Planning and prioritizing always seemed like a strength for Molly. She would have a school project done weeks before it was due. She could unpack and organize a room quicker than I could consider opening a box. She didn’t just make a Christmas list with random item names, she made a list with pictures, descriptions, prices, and locations for the item. She also put them in order of what she really wanted down to what she would like to have, but knew it was a pipe dream. We mistook that organization and proactive behavior for maturity. Those were basic concrete tasks that she could reason through. However, when she learned she was pregnant. Her brain was at least 8 years away from being able to plan and reason through the abstractness of the implications of being pregnant and not telling anyone.

She was 17 when she found out she was pregnant;18 was in the immediate horizon. In America, we tell 18 year-olds that they are adults. They can buy lottery tickets, serve in the military, and vote. We send 18 year olds off to college, or send them to the workforce. We tell them that they are grown! This is not fair or right. We have to let our college-aged children know that while they are given some freedoms, they are not equipped to handle the world alone. Parents, many of you know that your job never ends. But, some of you need to wake up. Just because your child turns 18 and graduates high school, does not mean that you have done your job. Whether they realize it or not, adolescents and young adults CRAVE guidance and affirmations that they are making wise choices. They need parents or adults to step in sometimes and remind them that they aren’t really as grown as they believe they are. Let your children try, let them fail, but be there to help them rise from failure. In order for them to feel safe in failing, you have to start early. Share with them when you fail, tell them from an early age that they will make mistakes, work together to solve those mistakes. Tell them that they might mess up so badly that they will think there’s no way out. Tattoo it on their hearts that there is always a way to work through a problem with a trusted adult’s guidance. It’s easy to get frustrated with a young person’s shortfalls, because our brains are developed. Our brains need to remember that their brains aren’t.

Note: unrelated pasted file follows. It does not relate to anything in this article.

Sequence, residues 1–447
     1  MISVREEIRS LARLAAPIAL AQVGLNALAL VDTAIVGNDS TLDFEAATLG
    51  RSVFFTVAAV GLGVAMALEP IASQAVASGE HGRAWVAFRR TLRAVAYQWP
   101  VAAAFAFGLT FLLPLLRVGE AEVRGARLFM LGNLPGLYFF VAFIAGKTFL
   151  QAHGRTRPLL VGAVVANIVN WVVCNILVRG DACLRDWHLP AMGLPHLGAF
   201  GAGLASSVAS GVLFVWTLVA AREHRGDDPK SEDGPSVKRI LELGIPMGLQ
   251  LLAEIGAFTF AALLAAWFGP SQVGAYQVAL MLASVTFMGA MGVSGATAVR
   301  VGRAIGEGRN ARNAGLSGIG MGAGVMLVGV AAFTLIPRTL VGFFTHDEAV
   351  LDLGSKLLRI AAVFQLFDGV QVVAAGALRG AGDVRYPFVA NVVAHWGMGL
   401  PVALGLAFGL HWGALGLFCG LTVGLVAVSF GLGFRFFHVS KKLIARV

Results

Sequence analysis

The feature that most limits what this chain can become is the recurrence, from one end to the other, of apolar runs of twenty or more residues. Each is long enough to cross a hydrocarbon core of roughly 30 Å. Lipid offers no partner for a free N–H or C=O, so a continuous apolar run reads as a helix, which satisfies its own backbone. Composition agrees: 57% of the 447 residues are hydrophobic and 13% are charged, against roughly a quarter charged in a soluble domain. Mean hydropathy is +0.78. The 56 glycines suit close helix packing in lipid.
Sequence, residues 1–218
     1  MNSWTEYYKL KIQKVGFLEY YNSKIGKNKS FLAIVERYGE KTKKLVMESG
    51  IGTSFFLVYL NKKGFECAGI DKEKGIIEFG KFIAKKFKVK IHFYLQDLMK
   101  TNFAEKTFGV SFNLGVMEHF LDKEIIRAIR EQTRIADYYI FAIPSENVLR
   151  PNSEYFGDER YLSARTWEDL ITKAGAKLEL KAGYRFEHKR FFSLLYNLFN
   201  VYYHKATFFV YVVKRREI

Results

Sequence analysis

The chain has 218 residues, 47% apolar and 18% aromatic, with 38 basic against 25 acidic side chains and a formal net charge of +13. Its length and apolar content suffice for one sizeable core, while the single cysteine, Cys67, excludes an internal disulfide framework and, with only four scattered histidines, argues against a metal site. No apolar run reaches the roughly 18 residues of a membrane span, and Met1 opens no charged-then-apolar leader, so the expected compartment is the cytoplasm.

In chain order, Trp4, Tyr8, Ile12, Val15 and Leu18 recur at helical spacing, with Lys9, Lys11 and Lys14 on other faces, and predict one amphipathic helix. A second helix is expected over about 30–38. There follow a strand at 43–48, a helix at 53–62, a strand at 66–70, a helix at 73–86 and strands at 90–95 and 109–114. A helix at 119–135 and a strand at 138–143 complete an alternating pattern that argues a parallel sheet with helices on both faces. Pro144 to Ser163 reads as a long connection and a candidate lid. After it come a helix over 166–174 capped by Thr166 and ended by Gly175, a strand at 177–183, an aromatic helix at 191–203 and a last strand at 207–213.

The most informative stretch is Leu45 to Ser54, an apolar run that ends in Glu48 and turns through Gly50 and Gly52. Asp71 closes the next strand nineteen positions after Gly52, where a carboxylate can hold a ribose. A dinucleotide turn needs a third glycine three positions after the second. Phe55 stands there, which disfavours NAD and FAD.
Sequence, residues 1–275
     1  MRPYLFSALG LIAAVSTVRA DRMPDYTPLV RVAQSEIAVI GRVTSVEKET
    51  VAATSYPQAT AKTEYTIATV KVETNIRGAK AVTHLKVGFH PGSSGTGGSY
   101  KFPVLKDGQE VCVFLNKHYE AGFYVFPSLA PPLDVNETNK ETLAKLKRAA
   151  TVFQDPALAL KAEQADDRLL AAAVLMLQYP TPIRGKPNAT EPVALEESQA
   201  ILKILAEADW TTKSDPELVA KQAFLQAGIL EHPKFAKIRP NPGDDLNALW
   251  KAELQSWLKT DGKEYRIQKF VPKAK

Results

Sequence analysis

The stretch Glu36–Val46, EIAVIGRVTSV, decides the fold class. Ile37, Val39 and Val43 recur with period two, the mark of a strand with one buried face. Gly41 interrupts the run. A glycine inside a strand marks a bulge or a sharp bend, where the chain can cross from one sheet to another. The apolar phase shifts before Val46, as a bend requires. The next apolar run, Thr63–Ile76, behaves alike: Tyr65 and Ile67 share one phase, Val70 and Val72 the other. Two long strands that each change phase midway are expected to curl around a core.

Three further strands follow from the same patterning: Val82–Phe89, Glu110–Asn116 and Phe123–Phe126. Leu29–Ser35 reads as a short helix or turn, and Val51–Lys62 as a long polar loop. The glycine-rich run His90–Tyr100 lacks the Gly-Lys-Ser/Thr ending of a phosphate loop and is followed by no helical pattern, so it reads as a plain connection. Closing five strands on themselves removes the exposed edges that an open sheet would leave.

We need MollyROCK to open lines of communication between developed brain and developing brains. If our children know they have a safe adult who will always listen, guide, and help, they’ll turn into adults themselves who will listen, guide, and help. We thought Molly had 4 adults in her immediate family who did that, but we missed the mark. We neglected the impact of brain development in adolescents. Learn from us, please.

Keep MollyROCK in your frontal lobe, cerebellum, prefrontal cortex, parietal lobe, occipital lobe, and wherever else you can find room to store it.

More than meat loves salt,


P.S. I found this video fascinating. Not so much in terms of MollyROCK, but as an educator. Sometimes, I wonder if those who are driving assessment for children take into account brain development….